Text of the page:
The changed event is triggered any time a document is modified. Normally, it is used along with added and removed to respond to changes to a list of items. The snapshot passed to the event callback contains the updated data for the document.

We can use changed to read updated data on blog posts when they are edited:


	// Get a reference to our posts
	var ref = new Flybase("74k8064f-cd6f-4c07-8baf-b1d241496eec", "web", "posts");
	
	// Get the data on a post that has changed
	ref.on("changed", function(snapshot) {
		var post = snapshot.value();
		console.log("The updated post title is " + post.title);
	});
				
Document Removed

The removed event is triggered when a document is removed. Normally, it is used along with added and changed. The snapshot passed to the event callback contains the data for the removed document.

In our blog example, we'll use removed to log a notification about the deleted post to the console:


	// Get a reference to our posts
	var ref = new Flybase("74k8064f-cd6f-4c07-8baf-b1d241496eec", "web", "posts");
	
	// Get the data on a post that has been removed
	ref.on("removed", function(snapshot) {
		var post = snapshot.value();
		console.log("The blog post titled '" + post.title + "' has been deleted");
	});
			
Device Connected / Disconnected

The online event is triggered whenever another device connects or disconnects from a Flybase app.

In our example, we'll use online to log a notification about the number of connected devices to the console:


	// Get a reference to our posts
	var ref = new Flybase("74k8064f-cd6f-4c07-8baf-b1d241496eec", "web", "posts");
	
	messagesRef.on('online', function (data) {
		var online = data.value();
		console.log( "There are " + online + " devices connected");
	});
	
			
Custom Events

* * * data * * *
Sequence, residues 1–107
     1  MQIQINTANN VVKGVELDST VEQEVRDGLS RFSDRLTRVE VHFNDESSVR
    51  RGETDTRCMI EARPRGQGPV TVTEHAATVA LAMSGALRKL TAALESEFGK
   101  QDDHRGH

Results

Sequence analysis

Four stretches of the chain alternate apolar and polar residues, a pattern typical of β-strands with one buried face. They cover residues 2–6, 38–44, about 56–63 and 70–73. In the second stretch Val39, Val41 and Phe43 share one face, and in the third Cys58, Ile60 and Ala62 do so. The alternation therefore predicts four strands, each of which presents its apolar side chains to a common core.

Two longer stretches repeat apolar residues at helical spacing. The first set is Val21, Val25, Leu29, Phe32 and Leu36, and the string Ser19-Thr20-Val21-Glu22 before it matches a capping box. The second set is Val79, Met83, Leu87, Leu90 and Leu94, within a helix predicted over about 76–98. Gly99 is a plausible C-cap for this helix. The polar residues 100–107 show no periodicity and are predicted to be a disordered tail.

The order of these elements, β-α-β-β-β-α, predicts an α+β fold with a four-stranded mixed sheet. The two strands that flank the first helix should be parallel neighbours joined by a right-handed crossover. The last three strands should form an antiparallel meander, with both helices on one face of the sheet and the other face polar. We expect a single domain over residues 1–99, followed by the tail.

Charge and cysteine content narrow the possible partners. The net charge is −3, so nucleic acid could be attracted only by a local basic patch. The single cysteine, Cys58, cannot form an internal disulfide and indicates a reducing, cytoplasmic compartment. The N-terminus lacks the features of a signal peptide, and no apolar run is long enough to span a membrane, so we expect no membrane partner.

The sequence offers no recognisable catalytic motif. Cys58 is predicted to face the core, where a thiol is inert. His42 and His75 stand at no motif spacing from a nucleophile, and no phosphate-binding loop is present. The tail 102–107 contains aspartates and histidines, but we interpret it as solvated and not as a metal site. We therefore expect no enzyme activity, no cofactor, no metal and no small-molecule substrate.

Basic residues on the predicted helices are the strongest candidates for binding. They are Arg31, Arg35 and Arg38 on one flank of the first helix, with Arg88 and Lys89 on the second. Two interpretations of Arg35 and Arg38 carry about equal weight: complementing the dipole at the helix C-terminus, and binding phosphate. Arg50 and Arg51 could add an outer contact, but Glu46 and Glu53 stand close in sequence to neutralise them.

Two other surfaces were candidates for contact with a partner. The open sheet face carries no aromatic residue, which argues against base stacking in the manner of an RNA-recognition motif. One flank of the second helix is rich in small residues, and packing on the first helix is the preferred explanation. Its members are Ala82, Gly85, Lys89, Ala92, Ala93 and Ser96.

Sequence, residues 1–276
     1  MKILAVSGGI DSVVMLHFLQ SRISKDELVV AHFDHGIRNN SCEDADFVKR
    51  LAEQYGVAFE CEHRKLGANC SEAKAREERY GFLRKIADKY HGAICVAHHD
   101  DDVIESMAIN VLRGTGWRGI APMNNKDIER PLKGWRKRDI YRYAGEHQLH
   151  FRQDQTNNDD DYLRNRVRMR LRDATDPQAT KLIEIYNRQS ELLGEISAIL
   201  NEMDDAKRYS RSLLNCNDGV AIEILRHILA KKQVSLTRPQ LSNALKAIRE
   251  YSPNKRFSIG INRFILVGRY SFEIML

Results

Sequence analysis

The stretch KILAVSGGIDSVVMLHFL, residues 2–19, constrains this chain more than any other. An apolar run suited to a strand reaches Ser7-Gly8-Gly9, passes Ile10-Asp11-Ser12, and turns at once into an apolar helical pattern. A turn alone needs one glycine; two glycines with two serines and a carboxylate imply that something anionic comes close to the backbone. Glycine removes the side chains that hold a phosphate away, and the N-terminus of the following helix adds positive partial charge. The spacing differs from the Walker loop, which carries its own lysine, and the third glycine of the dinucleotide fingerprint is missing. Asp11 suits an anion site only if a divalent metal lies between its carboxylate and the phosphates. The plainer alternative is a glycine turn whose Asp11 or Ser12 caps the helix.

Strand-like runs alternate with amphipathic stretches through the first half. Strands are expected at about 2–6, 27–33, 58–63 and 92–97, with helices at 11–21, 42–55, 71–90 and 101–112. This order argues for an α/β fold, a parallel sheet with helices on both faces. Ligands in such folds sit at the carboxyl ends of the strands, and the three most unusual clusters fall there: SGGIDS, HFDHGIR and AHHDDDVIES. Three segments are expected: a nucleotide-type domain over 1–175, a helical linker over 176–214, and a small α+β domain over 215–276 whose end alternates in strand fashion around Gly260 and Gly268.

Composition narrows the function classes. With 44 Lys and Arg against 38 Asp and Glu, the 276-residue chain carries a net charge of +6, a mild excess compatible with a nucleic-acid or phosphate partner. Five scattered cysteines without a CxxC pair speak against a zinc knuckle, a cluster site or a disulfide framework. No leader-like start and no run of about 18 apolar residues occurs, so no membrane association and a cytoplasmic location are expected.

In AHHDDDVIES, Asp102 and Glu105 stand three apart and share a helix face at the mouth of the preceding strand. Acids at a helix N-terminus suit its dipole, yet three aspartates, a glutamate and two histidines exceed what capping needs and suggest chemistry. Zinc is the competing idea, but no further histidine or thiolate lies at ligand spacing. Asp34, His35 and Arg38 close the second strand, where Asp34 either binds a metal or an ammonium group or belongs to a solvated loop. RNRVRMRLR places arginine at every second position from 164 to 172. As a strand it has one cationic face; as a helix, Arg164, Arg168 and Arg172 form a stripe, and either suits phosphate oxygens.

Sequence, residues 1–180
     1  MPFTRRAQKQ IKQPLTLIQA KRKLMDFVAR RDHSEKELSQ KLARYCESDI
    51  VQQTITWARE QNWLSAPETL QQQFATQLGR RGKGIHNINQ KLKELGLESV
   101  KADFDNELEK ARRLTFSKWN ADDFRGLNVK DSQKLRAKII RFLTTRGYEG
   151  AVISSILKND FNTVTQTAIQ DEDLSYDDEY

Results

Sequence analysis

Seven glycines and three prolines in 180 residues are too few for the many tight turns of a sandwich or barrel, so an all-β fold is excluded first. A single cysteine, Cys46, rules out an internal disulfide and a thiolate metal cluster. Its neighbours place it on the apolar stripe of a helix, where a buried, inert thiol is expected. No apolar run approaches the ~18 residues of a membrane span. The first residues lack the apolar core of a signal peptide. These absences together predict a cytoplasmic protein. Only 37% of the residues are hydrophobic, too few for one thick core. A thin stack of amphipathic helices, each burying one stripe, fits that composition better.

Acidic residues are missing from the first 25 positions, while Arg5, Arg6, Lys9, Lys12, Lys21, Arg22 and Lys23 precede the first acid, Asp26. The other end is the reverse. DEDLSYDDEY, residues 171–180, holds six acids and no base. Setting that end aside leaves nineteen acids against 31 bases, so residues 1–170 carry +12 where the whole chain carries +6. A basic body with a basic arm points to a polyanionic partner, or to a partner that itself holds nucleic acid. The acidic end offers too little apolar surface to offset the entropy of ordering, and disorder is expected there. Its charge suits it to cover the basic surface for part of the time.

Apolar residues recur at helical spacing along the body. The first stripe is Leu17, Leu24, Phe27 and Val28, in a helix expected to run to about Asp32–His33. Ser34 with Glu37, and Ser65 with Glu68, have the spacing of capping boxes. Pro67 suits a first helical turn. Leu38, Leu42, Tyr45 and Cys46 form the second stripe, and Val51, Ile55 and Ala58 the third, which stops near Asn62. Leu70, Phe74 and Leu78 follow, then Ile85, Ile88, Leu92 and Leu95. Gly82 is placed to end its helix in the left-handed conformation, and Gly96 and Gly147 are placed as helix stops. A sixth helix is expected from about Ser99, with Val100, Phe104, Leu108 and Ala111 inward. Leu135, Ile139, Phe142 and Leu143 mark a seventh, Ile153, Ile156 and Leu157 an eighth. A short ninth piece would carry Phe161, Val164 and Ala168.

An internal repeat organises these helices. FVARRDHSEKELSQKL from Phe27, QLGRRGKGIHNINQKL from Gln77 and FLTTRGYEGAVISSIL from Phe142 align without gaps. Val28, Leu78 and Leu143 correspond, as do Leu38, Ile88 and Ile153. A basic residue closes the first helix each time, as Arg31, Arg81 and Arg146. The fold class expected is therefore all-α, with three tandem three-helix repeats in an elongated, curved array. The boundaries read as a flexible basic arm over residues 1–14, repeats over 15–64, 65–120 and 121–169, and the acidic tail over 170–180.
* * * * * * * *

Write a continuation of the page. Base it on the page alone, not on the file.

You can also listen for custom events, these are events that don't read or write to your Flybase app, but can be set up to trigger another action.

For example, you can use this to notify a user of an event:


	var ref = new Flybase("74k8064f-cd6f-4c07-8baf-b1d241496eec", "web", "posts");
	
	ref.on("custom_event", function(message) {
		console.log( message );
	});
	
	ref.trigger("custom_event", "Hi")
			

In the above example, we set up a listener for a custom event called custom_event and then triggered it using the .trigger() function, whenever the custom_event event is triggered, we will display the message in the console. This could be used to listen to any type of notification.

Handling How Data Is Returned

Flybase gives you a query engine that lets you selectively retrieve data based on various factors.

To construct a query in Flybase, you start by specifying how you want your data to be ordered using the orderBy ordering function. You can then combine these with other methods to conduct complex queries: limit(), skip(), and where().

Ordering Data

We can order data by a common key by passing that key to orderBy(), followed by 1 for Ascending or -1 for Descending sort order. For example, to sort all posts by author, we can do the following:


	// Get a reference to our posts
	var ref = new Flybase("74k8064f-cd6f-4c07-8baf-b1d241496eec", "web", "posts");
	
	ref.orderBy({"author": 1}).on("value", function(snapshot) {
		console.log( snapshot.value() );
	});
			

You may notice that our orderBy() function takes an object. We've built our query engine heavily based on the MongoDB standard, so you can order by specifying the field, and then 1 for Ascending or -1 for Descending sort order. You can also add other fields as well:


	// Get a reference to our posts
	var ref = new Flybase("74k8064f-cd6f-4c07-8baf-b1d241496eec", "web", "posts");
	
	ref.orderBy({"author": 1,"date": -1}).on("value", function(snapshot) {
		console.log( snapshot.value() );
	});
			

Now that we've specified how your data will be ordered, we can use the limit or skip methods described below to construct more complex queries. On top of that, we can actually perform queries using our query builder.

Limiting Data

The limit() function is used to set a maximum number of documents to be synced for a given callback. If we set a limit of 100, we will initially only receive up to 100 documents.

Skipping Data

Using skip() allows us to choose arbitrary starting and ending points for our queries. This is useful for pagination when combined with limit().

Querying Data